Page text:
Published DateLACONIA — Last year Charlie St. Clair's 35th ride to the famed Sturgis Motorcycle Rally in the Black Hills of South Dakota was interrupted when his motorcycle collided with a buck mule deer on a dark, lonely stretch of U.S. Route 20 just east of the tiny town of Bassett, Nebraska, shattering his left leg and right hand.
After surgery he spend several weeks recuperating in a hospital in Kearney, Nebraksa.
Earlier this month, St. Clair, executive director of the Laconia Motorcycle Week Association, finished the trip, taking a total of 10 months to ride the miles he usually covers in five days. "I've ridden to Sturgis every year but one since 1976," he said, explaining that in 1978 he suffered a broken leg when his motorcycle struck a car. "Besides, I had to collect my motorcycle."
St. Clair, who refuses to fly, took a train to Chicago, rented a car and drove to Dubuque, Iowa where his motorcycle had been repaired. On May 10 he set out across Iowa.
"I froze my butt off," St. Clair said. "The temperature never got above 47 degrees and there was a strong wind from the north." He reached Sioux City that night and woke the next morning to find the mercury reading 27 degrees. "I waited until it hit 40 degrees," he said, "then rode north to I-90 across South Dakota, arriving in Spearfish — 20 miles or so on the other side of Sturgis — on May 12. He typically stays in Spearfish during his annual pilgrimage.
St. Clair spent time in Sturgis the next day then set off for home. On the return trip he followed his traditional route, leaving South Dakota and dipping into Nebraska to stop in Bassett, where for years he has stayed overnight in the same hotel. "I call it sneaking in the back door," St. Clair remarked, explaining that but for his jaunt to Bassett he avoids Nebraska to protest its helmet law.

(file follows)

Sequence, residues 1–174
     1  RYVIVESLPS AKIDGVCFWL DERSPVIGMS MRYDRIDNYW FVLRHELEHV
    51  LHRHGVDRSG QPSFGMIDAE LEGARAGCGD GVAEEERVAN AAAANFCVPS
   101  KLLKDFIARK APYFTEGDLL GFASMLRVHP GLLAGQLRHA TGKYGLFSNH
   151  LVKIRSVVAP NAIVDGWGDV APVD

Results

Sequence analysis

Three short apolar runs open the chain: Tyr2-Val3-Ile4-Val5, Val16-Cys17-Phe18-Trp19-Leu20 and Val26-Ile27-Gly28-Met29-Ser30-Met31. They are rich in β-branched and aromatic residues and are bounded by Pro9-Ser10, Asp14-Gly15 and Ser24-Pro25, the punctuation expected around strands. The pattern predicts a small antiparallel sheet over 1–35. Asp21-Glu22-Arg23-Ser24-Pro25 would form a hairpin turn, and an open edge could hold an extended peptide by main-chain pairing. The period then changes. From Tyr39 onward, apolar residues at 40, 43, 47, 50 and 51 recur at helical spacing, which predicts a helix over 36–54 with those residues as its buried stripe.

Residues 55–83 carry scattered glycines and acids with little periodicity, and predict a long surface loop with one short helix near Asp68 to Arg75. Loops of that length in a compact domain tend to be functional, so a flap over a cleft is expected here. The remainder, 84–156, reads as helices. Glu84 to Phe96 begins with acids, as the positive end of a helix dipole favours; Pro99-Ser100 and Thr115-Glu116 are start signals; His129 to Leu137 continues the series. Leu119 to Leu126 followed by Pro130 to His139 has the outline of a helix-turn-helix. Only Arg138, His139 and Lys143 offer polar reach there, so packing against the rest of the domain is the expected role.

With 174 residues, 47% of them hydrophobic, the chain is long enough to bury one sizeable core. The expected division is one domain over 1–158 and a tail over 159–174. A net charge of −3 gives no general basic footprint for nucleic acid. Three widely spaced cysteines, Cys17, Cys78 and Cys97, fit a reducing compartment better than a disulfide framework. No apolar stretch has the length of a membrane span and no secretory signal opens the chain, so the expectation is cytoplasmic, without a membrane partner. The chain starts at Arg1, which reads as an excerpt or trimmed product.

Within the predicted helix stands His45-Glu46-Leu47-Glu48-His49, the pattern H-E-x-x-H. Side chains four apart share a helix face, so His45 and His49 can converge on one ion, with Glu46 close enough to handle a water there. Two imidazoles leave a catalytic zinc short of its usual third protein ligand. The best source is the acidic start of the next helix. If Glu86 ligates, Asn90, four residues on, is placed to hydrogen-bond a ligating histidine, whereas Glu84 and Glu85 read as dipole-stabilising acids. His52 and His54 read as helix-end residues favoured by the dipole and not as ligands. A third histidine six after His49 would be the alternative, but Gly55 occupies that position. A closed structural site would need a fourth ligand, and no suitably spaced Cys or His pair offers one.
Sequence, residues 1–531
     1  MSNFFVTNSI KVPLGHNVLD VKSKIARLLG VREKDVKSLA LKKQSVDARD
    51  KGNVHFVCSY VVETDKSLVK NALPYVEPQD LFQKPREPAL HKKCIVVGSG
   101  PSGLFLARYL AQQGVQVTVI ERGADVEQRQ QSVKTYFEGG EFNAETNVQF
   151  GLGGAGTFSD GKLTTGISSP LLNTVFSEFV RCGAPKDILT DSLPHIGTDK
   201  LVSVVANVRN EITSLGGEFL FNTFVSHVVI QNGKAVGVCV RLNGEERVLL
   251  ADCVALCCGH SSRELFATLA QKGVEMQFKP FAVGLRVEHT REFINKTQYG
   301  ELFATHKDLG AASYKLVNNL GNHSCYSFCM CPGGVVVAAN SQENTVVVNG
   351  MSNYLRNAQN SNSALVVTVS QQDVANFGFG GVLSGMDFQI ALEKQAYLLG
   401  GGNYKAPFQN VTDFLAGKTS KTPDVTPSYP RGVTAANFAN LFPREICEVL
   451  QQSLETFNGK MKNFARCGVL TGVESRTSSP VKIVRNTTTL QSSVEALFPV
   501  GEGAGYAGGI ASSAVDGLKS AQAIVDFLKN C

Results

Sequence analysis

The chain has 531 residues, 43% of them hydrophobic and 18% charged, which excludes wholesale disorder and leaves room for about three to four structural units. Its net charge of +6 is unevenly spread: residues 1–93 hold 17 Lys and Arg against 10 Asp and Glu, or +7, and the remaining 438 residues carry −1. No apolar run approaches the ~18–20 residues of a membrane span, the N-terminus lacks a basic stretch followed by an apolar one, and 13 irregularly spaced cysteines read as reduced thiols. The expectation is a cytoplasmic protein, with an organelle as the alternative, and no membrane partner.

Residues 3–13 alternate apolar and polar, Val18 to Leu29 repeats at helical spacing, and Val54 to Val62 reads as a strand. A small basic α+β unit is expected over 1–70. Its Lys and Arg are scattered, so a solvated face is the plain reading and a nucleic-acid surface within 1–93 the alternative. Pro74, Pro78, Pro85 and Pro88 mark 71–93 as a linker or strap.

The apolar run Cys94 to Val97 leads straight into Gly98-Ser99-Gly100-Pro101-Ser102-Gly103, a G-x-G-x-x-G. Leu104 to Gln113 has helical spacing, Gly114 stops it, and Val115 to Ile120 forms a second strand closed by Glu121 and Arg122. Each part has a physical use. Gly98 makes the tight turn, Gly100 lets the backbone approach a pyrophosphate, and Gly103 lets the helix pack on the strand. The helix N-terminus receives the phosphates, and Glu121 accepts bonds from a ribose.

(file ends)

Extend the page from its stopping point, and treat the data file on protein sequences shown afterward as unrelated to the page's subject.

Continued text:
"It's my act of civil disobedience," he said.
In Bassett he renewed old friendships, like "Clint and Mim," former motel owners now in their 90s and married for 77 years, and new ones, like James Anderson, the sheriff of Rock County, and the medical team of Rock County Hospital. "Everybody was surprised and thrilled to see me out there and on the bike," he said. "A lot of people heard about my accident ," he continued, noting that "a guy in a supermarket said 'you're the guy who hit the deer.'" The signatures of these and others St. Clair has come to know in the course of his 2,970 mile trip emblazon the primer coat on his rebuilt motorcycle.
St. Clair said that he steered clear of wildlife apart from a close encounter with a cock pheasant in South Dakota. "Usually they just run," he said, "but this one did a U-turn and flew right over my windshield. That could have been a problem."
Still wearing his long underwear, St. Clair returned to Sioux City on May 14, where the temperature now stood at 104 degrees. "I've got it right here in the newspaper," he said, waving a copy of the Des Moines Register.
After stops in Dubuque, Toledo, Ohio and Avon, New York St. Clair reached Laconia on Saturday, May 18.
"I froze from Chicago," St. Clair said. "But I'd rather be miserable on a motorcycle than not be riding at all. It was a trip of extremes. And I'll be doing it again in a couple of months."
The Sturgis Rally starts August 5.